I brought up Bill Cheng in a previous post, and I just finished reading his novel Southern Cross the Dog. Cheng, despite growing up as an Asian American in Queens and never having visited the South, wrote a novel about an African American man living during the early twentieth century in the Deep South. As I mentioned earlier, Cheng has been praised for his mastery of the language, even while the book got a less than perfect review from the NY Times.
I thought this book was good. While the plot was often predictable and his choice of images sometimes trite (such as the Robert Johnson theme that the Times review criticizes), I thought Cheng’s mastery of the language made up for it. Cheng adopts a voice that he learned from the blues, and it works. While I too haven’t spent time in the Deep South, it seemed to me that Cheng’s wording and dialogue take on a powerful rhythm and movement that bring his characters to life. Cheng’s affinity for his African American characters comes out clearly in his prose. He clearly transcended the autobiographical novel.
Anyway, check out this book. I think Bill Cheng’s writing lives up to its reputation. His writing style is inventive and original.
Some minor spoilers ahead, so stop here if you’re going to be reading:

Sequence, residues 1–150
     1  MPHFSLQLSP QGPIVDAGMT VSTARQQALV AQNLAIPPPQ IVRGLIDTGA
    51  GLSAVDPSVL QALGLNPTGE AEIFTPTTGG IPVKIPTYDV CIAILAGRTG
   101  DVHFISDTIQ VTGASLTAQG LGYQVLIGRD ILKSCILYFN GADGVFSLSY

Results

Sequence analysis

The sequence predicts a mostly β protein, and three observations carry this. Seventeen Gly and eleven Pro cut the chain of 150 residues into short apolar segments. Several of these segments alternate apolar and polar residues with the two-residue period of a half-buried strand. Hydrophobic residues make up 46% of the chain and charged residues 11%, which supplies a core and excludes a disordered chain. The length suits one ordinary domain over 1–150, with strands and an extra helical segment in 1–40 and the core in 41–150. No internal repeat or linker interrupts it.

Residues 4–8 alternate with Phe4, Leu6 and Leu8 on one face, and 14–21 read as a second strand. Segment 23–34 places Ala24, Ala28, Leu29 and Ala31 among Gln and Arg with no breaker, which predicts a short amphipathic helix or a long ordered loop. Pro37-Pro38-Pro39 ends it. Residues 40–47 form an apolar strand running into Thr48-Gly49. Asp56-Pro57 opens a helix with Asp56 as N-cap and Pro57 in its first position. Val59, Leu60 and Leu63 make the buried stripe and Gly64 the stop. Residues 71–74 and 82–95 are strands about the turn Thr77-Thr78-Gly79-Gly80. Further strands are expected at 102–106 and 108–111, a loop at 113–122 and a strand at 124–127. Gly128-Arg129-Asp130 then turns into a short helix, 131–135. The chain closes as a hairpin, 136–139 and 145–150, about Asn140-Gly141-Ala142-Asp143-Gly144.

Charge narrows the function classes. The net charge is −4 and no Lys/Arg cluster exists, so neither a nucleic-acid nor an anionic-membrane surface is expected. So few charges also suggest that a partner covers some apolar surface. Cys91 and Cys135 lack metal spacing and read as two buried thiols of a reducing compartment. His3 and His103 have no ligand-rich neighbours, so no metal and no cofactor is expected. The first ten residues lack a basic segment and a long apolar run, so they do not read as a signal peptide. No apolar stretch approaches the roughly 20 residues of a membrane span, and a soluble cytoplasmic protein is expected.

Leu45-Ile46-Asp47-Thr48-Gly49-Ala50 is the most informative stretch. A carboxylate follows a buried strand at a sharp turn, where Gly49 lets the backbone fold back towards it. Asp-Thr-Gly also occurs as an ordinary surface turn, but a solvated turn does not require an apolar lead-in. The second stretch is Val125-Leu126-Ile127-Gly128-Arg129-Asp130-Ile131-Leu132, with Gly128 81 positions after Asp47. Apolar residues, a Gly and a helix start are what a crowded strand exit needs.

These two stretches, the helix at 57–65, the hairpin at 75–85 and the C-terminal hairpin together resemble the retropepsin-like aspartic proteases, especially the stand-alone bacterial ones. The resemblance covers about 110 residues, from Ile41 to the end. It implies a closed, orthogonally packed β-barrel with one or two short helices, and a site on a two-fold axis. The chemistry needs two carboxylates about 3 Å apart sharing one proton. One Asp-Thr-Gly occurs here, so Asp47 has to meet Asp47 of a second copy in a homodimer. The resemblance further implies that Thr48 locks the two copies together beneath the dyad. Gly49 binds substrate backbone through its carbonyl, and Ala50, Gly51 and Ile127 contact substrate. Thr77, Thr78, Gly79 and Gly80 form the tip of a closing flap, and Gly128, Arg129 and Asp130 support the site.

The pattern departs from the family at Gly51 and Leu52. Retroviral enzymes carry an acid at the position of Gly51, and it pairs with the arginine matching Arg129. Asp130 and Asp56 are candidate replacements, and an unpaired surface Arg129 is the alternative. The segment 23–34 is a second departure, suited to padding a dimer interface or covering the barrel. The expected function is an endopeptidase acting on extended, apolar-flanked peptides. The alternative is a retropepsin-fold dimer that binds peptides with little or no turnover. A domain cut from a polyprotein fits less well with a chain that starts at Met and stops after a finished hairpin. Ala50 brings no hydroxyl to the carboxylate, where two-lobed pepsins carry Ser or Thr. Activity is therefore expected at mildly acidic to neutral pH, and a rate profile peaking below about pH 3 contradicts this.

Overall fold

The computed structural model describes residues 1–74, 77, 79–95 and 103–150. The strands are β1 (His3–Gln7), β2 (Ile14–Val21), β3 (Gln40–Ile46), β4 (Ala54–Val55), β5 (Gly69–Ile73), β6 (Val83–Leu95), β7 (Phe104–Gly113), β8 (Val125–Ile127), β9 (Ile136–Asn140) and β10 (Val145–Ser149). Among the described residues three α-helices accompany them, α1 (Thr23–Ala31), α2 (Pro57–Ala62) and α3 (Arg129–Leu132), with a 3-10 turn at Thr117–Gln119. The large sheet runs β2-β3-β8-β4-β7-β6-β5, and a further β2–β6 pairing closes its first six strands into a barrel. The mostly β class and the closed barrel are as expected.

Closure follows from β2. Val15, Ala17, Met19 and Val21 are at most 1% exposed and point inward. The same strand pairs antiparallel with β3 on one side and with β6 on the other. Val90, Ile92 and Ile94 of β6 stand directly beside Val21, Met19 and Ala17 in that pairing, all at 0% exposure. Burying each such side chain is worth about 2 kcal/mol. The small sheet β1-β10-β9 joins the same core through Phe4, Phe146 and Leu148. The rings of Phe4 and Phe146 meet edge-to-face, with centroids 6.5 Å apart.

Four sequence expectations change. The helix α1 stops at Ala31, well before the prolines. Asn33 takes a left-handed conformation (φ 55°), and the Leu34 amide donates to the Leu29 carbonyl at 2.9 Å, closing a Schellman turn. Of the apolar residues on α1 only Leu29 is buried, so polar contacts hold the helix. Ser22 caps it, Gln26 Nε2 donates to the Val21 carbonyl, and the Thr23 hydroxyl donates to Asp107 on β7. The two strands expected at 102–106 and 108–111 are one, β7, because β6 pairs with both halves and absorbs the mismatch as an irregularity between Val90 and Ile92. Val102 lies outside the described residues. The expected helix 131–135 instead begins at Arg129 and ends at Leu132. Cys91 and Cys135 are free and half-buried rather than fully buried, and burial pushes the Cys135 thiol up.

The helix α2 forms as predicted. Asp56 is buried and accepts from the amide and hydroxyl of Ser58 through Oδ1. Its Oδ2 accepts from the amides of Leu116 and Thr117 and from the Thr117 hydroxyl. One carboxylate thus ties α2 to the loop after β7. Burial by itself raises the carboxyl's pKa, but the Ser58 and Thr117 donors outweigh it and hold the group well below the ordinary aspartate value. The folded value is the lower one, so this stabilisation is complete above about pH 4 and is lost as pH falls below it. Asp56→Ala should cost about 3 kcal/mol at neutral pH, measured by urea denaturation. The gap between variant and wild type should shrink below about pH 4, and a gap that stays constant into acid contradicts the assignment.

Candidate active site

I’m wondering what African Americans from the South think about this book. Most of the white characters were stereotypes, and I don’t think it pushes the racial dialogue along the common path that most activists choose, but it was interesting how Cheng conceptualizes and focuses on the main character Robert Chatham. In many ways, the character lives outside of race, focused instead on survival and understanding the world. I’m curious as to whether African Americans find that helpful. Or not helpful. I thought it was funny that just about all the white people in this book were stereotypes (they’re all minor characters anyway), but they were black stereotypes of white people, not Asian stereotypes of white people. Instead of Charisma Man saviors or virile studs that lots of Asian people associate with whiteness, all the white people in this book were rapacious white men lusting after black women, backward hicks, slaveowner mentality leeches, or white women easy and eager to get a taste of black sex.